Tag Archives | Line2

Death by Fabulously Successful iOS Launch

It’s become a bizarre rite of passage: Interesting apps for the iPhone and iPad keep appearing, getting attention, and then being literally overwhelmed by consumer response.

The latest example: Skyfire, the smartphone browser that lets you watch some Flash videos on an iPhone. It hit the App Store on Wednesday. Then throngs of people read about it and downloaded it. The app, which is as much a service as a piece of software–it relies servers which translate Flash video into an iPhone-friendly format on the fly–stopped working in any sort of satisfactory way, and its creators yanked it from the App Store.

Now it’s back, sort of –they’re letting in new users in drips and drabs by putting Skyfire on the App Store and then taking it down and then putting it up again. (It seems to be up at the moment.)

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Line2’s Troubles Persist

I’m still looking forward to trying Line2 on my iPhone, but the VoIP app’s launch continues to be hobbled by Internet-borne attacks. Earlier today, David Pogue of the New York Times reported that the problem was someone’s auto-signup bot that was registering bogus accounts as fast as it could, but that Line2 parent Toktumi had figured out a workaround. But now that’s out of date: I was able to download the app, but once I’d stepped through the sign-up process on my iPhone, I got this:

The Toktumi blog explains what’s going on: The company has put the app back in the App Store, but is limiting the number of new signups each hour to foil the bot. It doesn’t seem like a long-term solution–especially since you only learn about the signup cap after getting most of the way through registering, and apparently have to start all over again if you want to give it another go.

As Pogue says, it’s a lousy thing to happen to a promising service. Maybe Toktumi’s original stopgap–temporarily ending the month of free trial service and requiring payment of $15 in advance for the first month of service–would be the best way to ensure that people who really want Line2 can get it and nobody’s time is wasted.

[UPDATE: As of early Sunday morning, the app is available on the iTunes App Store, but if you step through the signup process you eventually get a message that new memberships are on hold, and that you’ll get an e-mail when they’re available again.)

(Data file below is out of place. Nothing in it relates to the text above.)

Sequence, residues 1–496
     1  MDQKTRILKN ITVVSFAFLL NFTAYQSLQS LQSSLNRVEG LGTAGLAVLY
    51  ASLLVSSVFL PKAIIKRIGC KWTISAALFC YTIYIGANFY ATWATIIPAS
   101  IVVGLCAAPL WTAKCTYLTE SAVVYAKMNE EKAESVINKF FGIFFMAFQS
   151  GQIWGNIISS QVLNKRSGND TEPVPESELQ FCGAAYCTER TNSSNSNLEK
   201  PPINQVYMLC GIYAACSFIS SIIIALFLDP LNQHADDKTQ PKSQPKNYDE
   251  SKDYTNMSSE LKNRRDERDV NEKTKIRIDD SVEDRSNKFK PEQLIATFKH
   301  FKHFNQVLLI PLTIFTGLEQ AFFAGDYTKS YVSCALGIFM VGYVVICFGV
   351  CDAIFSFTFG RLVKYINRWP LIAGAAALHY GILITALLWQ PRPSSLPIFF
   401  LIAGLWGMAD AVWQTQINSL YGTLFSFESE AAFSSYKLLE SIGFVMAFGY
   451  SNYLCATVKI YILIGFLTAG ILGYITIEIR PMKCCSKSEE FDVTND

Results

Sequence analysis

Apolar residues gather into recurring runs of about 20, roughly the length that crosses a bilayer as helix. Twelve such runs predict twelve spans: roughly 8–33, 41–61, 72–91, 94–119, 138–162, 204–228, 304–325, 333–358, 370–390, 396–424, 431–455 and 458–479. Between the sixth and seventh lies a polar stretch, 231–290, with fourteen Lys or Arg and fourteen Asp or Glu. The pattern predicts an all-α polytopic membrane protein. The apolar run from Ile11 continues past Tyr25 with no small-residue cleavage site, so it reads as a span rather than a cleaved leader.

Line2 Goes Down

Weird: Line 2, which I wrote enthusiastically about earlier today, is now suffering a denial-of-service attack (chronicled on parent company Toktumi’s Twitter feed). The app is currently missing from the iPhone App Store, which gave me a scare: There are multiple other examples of programs you’d think Apple might have a problem with hitting the store, attracting attention, and then getting yanked by Apple. (Here’s one.) But Toktumi founder Peter Sisson told me that the company pulled the app itself so that new users wouldn’t start off with a bad experience during the attack.

As I write this, the attack has been going on for at least six hours. I’m still looking forward to trying Line2 once it’s back.


Line2: A Fresh, Flexible Take on iPhone VoIP

As I mentioned in my story on Skype’s new version for Android and BlackBerry handsets on Verizon, I have this dream of using Google Voice or a Google Voice-like service to make calls on a smartphone over the data connection, thereby avoiding using up my precious supply of voice minutes. It turns out that Skype Mobile can’t help. But Line2, a new iPhone VoIP service from Toktumi, might be just what I’ve been looking for.

David Pogue reviews Line2 for the New York Times today, and he mostly likes it; I got a demo from Toktumi founder Peter Sisson yesterday at the CTIA Wireless show in Las Vegas. The service gives you a phone number that you can use via your AT&T line, over 3G data , or Wi-Fi. If you use the latter two options, you don’t use up your voice minutes. And it seems to do a remarkably good job of dealing with the fact that third-party apps can’t run in the background on the iPhone. (If Line2 isn’t running when someone calls you, you’ll get the call anyhow–it just comes in via your standard AT&T number.)

Unlike Google Voice or Skype, Line2 isn’t free–but the $15 a month sounds reasonable, and might pay for itself if you can downsize your AT&T plan to a level of service with fewer voice minutes. Sisson told me that Toktumi is working on an Android version of the app, which will make Line2’s benefits available on carriers other than AT&T.

As Pogue says, Line2 looks and feels very much like the iPhone’s standard phone dialer, only with more features; maybe you have a theory as to why Apple thought that the Google Voice app would “confuse” iPhone owners but is okay with Line2.

I’m signing up for a trial account and will let you know what I think…